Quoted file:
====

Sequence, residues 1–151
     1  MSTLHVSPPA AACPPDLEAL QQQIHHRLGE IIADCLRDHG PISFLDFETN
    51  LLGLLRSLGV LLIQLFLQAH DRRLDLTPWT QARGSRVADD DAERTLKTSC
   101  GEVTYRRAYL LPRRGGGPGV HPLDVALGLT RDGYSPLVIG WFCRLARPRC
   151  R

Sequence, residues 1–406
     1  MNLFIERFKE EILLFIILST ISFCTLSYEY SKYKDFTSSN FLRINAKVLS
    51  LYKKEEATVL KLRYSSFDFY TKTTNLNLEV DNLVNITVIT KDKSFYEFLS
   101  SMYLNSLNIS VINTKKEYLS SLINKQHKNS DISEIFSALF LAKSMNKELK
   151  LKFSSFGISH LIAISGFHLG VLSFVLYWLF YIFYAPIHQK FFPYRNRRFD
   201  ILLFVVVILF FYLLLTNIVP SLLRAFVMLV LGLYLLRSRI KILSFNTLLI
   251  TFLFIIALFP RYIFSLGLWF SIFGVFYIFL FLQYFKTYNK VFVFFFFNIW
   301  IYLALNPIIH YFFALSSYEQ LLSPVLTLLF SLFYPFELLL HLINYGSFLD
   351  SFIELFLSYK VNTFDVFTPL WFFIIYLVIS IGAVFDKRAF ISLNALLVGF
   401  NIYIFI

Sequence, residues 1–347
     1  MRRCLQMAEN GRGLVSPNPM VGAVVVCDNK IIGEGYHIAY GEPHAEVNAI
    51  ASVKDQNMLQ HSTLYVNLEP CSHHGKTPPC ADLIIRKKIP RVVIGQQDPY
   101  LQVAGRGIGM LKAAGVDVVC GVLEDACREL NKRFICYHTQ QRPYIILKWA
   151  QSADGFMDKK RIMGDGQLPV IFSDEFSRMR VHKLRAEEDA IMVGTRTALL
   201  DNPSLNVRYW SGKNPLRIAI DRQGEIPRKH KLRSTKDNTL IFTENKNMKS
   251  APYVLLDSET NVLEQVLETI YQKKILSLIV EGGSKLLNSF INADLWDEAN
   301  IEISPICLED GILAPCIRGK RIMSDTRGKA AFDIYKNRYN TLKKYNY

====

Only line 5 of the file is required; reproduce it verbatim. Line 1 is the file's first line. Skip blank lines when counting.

   151  R